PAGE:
We left later than the rest of the team and once again were at the rear which I didn’t mind at all. The fixed lines started again at the bottom of the eastern wall which led to Makalu La. It was a really difficult climb. Kami kept saying that the summit is guaranteed if we reach C3 and that motivated me to keep going knowing that I was experiencing the toughest part of the journey. Jamling had asked Duk Chung to standby an O2 bottle for me in case I was too slow on this segment as it was a long steep climb. Fortunately, I was able to keep up with the rest of the team ahead and didn’t need to use O2. Most parts of this segment were steeper than the slopes of K2 but were easier to climb as there weren’t that many rocks on the route and the weather was perfect. There wasn’t any flat ground to take breaks either. Jamling was right behind me and said my pace was strong. We made sure we didn’t slowly lag away from the team in front. As we approached the pass, I was really slow. Each step would get me extremely winded and progress was at a snail’s pace. Finally the slope flattened out at Makalu la and even though C3 was just about 100m away from the cliff edge, it took me another 15 mins to get there. The climb from C2 to C3 took me a staggering 9h and I was totally exhausted when I reached C3. From C3, the views of Everest and Lhotse were crystal clear. We could see Chomo Lonzo (7804m) to the north and the whole Tibetan plateau. This was the highest I had been without supplemental O2 – my personal record. A proud moment for me.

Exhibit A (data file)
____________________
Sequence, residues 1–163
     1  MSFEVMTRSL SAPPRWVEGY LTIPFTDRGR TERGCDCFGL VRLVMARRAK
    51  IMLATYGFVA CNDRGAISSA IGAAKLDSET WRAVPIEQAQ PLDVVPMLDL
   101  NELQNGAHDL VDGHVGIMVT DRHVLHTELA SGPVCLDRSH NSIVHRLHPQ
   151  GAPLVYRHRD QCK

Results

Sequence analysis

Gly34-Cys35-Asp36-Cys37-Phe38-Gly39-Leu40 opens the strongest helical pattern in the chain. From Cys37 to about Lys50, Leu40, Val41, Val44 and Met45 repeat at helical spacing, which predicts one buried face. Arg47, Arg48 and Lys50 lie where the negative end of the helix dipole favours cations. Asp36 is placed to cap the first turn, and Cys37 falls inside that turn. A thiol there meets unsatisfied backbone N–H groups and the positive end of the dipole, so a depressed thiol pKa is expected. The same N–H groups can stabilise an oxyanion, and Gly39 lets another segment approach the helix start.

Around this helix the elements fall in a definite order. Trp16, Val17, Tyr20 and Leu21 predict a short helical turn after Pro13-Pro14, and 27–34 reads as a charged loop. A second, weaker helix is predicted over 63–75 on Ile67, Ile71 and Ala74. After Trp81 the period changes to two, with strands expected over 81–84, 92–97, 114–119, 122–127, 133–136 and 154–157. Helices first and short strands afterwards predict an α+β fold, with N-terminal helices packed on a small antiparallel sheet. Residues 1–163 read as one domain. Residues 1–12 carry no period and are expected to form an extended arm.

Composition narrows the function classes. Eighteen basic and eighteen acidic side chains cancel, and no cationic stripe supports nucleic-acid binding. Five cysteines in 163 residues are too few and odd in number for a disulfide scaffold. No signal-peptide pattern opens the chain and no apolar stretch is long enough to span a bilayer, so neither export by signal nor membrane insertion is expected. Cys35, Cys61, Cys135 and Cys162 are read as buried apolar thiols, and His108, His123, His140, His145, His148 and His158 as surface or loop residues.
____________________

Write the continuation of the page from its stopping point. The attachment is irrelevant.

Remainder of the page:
Jamling and I with Everest and Lhotse in the background from C3. Just like the inseparable mountains, so is our friendship.

The false and true summits of Makalu and the french couloir seen from C3

From C3 with Makalu II in the background. I had no idea how deep the snow fields were at that juncture


Before me and Jamling arrived in C3, the rest of the Sherpas had recced abit of the trail out of the camp and reported heavy snow all the way to C4. We were told that it may be impossible to pass to C4 and that that would try breaking trail the next day. So the next day turned out to be a rest day for the 4 foreign climbers while all the Sherpas tried breaking trail to C4 and fixing lines above that. The initially planned summit day was pushed back by a day. This meant that we would be short of food on summit day and if the weather changed, it would be disastrous. I was happy that there was O2 available and slept with it. That night, Duk Chung complained of a headache and after he had some paracetamol, he developed an allergic reaction which had him itching away the whole night. He woke up sick the next morning. By mid-day, he had lost his motivation to continue and planned to go down the next day. A big blow to our team’s morale as the small team of 5 sherpas had become even smaller.